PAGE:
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Standing up to cancer near, dear to Bosio's heart

Standing up to cancer near, dear to Bosio's heart

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Standing up to cancer near, dear to Bosio's heart

CHICAGO -- Want to get a pitching lesson from Cubs coach Chris Bosio? Or watch the Cubs radio and television broadcasts from the press box?

You can bid on those items and a "Dream Day" at Wrigley Field as well as part of Major League Baseball's efforts to stand up to cancer.

Baseball's Winter Meetings include a MLB.com Auction to benefit Stand Up To Cancer, which MLB has supported since 2008 as founding sponsor. Public relations representatives from all 30 clubs were inspired to act based on individual club members impacted by the disease, and they jointly organized the auction, which will be officially announced at a news conference on Monday in Lake Buena Vista, Fla., with MLB staff.

Bidding closes at 9 p.m. CT Thursday, with 80 baseball-related experiences ranging from private pitching and batting lessons with players to lunches with general managers to team bus rides and meet-and-greets with Hall of Fame players.

The Cubs' items include a "Dream Day" at Wrigley Field, a 30-minute private lesson from Bosio, and also a broadcast experience at a home game. All have opening bids of $500.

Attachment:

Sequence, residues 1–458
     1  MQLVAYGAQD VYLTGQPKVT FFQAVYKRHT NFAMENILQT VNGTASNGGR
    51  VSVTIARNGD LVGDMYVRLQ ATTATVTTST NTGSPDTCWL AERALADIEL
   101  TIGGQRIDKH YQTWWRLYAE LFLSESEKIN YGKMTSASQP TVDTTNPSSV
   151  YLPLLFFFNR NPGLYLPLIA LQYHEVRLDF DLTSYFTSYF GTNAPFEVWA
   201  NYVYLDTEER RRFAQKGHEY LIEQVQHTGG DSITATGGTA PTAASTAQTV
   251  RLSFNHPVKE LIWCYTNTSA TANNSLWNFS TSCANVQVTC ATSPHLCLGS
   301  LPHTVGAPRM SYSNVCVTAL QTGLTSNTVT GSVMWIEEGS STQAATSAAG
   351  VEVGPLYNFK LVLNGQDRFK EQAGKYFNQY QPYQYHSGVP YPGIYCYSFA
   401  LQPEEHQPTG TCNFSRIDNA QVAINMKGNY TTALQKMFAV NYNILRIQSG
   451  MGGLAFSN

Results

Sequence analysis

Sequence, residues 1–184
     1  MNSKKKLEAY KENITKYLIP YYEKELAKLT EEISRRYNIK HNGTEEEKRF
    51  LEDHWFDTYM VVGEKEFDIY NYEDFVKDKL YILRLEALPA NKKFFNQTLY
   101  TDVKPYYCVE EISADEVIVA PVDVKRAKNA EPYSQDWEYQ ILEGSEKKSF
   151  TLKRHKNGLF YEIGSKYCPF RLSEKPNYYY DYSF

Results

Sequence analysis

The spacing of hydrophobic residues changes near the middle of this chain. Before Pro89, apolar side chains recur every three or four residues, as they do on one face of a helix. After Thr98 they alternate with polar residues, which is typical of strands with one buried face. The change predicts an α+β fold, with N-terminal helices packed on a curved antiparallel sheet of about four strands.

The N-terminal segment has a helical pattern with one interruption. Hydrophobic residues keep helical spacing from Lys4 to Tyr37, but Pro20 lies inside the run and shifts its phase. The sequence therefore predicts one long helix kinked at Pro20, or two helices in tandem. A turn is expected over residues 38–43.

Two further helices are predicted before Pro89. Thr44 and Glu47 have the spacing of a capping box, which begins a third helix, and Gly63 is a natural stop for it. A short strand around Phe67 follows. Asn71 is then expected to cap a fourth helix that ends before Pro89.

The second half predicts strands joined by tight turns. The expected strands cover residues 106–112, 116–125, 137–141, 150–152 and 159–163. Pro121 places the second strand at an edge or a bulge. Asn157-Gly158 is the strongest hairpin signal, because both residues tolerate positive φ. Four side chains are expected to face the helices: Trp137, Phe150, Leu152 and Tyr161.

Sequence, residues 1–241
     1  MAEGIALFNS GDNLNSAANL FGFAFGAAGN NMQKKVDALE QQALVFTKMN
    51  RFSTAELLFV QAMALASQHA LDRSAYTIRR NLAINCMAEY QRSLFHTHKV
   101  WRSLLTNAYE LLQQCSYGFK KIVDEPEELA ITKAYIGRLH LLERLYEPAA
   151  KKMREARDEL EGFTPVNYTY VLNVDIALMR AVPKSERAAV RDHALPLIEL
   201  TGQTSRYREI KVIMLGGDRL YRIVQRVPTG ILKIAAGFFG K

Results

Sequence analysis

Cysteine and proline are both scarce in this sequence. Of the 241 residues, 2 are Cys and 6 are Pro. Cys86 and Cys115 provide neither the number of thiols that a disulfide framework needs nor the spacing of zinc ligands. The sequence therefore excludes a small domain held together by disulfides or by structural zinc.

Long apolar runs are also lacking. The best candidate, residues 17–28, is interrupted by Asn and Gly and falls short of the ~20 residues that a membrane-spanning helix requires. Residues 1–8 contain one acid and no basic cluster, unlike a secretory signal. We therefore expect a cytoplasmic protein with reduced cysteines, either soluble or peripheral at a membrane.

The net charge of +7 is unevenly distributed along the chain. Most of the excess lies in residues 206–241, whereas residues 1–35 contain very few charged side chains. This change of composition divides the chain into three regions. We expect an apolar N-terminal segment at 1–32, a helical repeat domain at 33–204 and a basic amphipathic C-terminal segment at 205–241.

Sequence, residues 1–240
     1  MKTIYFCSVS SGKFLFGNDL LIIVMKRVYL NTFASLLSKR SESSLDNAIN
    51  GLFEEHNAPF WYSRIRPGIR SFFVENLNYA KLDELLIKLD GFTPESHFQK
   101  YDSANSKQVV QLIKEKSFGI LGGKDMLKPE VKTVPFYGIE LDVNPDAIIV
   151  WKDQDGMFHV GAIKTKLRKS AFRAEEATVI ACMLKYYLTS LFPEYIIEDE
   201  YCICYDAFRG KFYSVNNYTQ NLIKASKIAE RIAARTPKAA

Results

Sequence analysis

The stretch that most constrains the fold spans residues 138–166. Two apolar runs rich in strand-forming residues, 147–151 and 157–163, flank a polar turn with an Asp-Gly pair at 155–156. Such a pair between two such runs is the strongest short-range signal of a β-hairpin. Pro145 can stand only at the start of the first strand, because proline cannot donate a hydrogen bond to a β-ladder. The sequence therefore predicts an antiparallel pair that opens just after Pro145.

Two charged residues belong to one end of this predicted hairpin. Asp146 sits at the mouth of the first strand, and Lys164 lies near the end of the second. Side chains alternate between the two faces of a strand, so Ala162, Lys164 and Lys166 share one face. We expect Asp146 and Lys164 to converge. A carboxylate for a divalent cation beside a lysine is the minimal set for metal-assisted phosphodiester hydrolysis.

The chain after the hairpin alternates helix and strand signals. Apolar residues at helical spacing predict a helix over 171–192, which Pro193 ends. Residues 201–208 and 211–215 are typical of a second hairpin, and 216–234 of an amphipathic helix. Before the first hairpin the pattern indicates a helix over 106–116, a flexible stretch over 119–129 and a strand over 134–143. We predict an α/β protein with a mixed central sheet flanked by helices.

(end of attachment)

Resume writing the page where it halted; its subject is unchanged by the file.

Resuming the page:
The "Dream Day" includes four field box tickets to a Cubs game at Wrigley Field, four pregame passes to watch batting practice from the field, and the opportunity to have your photo taken on the field.

The session with Bosio, who is entering his third season as the Cubs' pitching coach, will be prior to an April, May or June night game. The winner also will receive four tickets to that night's game.

The winning bidder for the broadcast experience will receive four field box tickets to a Cubs game, and spend one inning on the press level to visit the WGN Radio booth and the Cubs home television booth in action.

Stand Up To Cancer (SU2C) is a groundbreaking initiative created to accelerate innovative cancer research that will get new therapies to patients quickly and save lives now. To learn more, visit www.SU2C.org.

For Bosio, the effort is personal. His mother died three years ago at Christmas after a long battle with cancer. His father had cancer. Bosio lost his brother to lung cancer. Bosio created a foundation to raise money to help families dealing with cancer.

"We all have people we know and loved ones affected by it," Bosio said. "It's something near and dear to my heart."

During the season, Cubs first baseman Anthony Rizzo visits patients at the Ann & Robert H. Lurie Children's Hospital in Chicago. His message? You can beat cancer. Rizzo would know. He's a survivor himself, and will celebrate five years of being cancer-free at his second "Walk Off for Cancer" on Sunday in Parkland, Fla.

You can help, too, by joining the Cubs and MLB, and stand up to cancer.

Carrie Muskat is a reporter for MLB.com. She writes a blog, Muskat Ramblings, and you can follow her on Twitter @CarrieMuskat. This story was not subject to the approval of Major League Baseball or its clubs.

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